Obesity, comorbidities, and treatment selection in Black and White women with early breast cancer

Kirsten A. Nyrop*, Emily M. Damone, Allison M. Deal, Lisa A. Carey, Michael Lorentsen, Shlomit S. Shachar, Grant W. Williams, Addison Brenizer, Amy Wheless, Hyman B. Muss

*Corresponding author for this work

Research output: Contribution to journalArticlepeer-review


Background: This study investigates obesity and comorbidity in Black and White women with early breast cancer (stages I-III) and their potential impact on treatment decisions for patients with hormone receptor–positive (HR+)/human epidermal growth factor receptor 2–negative (HER2–) tumors. Methods: In this retrospective chart review, comparisons of frequencies for Black and White patients were calculated with the Fisher exact test. Log binomial regression was used to estimate prevalence ratios (PRs) with 95% confidence intervals for total and individual comorbidities, and multivariable modeling was used to estimate PRs adjusted for age and body mass index (BMI). Results: In a sample of 548 patients, 26% were Black, and 74% were White. Sixty-two percent of Black patients and 32% of White patients were obese (BMI ≥ 30 kg/m2; P <.0001). Seventy-five percent of Black patients and 87% of White patients had HR+ tumors (P =.001). Significant intergroup differences were seen for 2 or more total comorbidities (62% of Blacks vs 47% of Whites; P =.001), 2 or more obesity-related comorbidities (33% vs 10%; P <.0001), hypertension (60% vs 32%; P <.0001), diabetes mellitus (23% vs 6%; P <.0001), hypercholesterolemia or hyperlipidemia (28% vs 18%; P =.02), and hypothyroidism (4% vs 11%; P =.012). In women with HR+/HER2– tumors, there were no intergroup differences in treatment decisions regarding the type of surgery, chemotherapy regimen, radiation, or endocrine treatment despite significant differences in the prevalence of obesity and comorbidities. Conclusions: This study documents significant disparities between Black and White women with early breast cancer with regard to high rates of obesity, overall comorbidities, and obesity-related comorbidities, and it highlights the prevalence of competing risks that may complicate outcomes in breast cancer.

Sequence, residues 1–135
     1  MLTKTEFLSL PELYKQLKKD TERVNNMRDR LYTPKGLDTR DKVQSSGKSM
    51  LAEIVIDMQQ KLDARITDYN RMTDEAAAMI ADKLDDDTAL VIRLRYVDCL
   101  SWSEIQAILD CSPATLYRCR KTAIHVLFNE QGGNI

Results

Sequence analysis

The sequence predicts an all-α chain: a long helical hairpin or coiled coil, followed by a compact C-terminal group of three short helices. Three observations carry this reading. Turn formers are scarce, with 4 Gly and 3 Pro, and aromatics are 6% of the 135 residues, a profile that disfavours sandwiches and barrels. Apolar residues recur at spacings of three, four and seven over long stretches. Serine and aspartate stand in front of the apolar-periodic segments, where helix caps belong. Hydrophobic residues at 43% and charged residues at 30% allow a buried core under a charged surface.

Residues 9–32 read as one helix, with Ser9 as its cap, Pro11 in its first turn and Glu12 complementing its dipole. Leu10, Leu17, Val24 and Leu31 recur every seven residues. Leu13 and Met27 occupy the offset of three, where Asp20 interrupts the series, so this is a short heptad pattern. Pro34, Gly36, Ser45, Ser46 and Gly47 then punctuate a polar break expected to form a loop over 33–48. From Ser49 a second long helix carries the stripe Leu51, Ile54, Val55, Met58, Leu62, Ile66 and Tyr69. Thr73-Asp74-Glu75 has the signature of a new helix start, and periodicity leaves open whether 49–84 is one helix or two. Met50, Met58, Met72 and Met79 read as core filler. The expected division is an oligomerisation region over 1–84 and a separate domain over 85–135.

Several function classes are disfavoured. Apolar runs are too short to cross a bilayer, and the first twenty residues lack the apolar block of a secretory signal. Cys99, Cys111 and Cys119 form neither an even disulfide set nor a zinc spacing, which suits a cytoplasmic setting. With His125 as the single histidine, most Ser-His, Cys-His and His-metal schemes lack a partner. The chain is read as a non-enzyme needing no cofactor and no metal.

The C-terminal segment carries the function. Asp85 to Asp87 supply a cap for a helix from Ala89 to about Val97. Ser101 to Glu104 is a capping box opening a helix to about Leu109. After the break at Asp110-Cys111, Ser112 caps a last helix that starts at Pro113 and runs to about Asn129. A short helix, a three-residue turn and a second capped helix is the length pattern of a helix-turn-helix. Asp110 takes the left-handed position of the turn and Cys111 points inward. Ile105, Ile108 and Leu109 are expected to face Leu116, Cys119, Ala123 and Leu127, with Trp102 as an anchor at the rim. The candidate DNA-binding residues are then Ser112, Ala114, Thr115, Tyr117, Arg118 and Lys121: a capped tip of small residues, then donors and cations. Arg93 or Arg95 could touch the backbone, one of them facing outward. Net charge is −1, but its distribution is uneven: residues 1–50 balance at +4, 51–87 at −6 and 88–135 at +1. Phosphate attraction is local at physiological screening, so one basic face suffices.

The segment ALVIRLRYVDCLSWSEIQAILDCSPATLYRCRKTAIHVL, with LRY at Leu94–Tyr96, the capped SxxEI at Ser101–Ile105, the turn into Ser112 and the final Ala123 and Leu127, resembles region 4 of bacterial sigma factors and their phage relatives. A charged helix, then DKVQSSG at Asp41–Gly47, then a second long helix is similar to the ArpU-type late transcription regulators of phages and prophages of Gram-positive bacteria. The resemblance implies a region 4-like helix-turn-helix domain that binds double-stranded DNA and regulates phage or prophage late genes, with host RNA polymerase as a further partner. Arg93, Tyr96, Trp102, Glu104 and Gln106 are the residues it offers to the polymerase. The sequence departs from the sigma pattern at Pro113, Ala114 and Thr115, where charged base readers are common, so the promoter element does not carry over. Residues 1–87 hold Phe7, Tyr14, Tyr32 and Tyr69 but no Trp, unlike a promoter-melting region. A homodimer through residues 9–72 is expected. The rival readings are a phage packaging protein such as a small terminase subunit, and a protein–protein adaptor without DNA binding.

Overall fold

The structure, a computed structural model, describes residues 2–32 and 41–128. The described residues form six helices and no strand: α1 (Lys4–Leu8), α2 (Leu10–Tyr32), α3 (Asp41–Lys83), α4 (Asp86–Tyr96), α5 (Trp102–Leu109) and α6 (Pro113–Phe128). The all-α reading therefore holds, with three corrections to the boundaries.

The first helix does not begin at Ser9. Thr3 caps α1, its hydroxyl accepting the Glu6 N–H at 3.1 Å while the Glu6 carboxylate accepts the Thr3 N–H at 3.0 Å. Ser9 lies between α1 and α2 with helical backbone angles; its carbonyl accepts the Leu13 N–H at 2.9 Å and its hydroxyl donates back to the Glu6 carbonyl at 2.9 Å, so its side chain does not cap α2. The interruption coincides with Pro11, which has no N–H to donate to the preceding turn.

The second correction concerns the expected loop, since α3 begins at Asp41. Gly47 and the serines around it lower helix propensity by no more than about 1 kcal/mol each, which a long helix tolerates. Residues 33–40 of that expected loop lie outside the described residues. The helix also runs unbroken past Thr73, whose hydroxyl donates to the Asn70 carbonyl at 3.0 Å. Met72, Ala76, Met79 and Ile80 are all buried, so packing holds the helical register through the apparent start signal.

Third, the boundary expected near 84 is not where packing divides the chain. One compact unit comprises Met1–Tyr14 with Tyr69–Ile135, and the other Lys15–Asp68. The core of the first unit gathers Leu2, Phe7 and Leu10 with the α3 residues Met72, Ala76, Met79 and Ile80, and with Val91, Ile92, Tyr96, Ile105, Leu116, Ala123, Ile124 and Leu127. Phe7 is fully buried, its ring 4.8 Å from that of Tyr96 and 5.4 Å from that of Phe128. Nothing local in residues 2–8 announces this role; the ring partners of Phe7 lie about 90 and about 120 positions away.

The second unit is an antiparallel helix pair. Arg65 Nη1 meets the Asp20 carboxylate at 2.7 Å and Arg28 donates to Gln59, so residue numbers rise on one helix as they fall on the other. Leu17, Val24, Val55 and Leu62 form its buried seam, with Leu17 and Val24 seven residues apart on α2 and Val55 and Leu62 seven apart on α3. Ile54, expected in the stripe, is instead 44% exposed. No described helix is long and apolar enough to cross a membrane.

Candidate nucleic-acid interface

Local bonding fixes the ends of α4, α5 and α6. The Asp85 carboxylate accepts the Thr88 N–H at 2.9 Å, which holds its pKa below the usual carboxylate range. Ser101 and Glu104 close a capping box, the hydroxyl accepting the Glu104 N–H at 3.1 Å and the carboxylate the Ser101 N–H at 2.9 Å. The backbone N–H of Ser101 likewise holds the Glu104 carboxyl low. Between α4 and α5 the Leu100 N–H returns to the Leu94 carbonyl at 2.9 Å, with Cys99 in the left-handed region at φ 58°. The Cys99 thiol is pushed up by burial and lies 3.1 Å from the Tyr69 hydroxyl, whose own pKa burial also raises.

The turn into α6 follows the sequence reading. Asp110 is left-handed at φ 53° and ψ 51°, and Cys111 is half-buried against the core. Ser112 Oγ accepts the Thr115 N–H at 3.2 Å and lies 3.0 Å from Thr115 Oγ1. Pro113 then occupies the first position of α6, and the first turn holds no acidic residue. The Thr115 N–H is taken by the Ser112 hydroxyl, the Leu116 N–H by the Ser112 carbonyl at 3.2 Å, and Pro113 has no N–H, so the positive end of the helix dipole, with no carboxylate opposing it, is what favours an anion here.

Original languageEnglish
Pages (from-to)922-930
Number of pages9
Issue number6
StatePublished - 15 Mar 2021
Externally publishedYes


  • breast cancer
  • comorbidities
  • disparities
  • race


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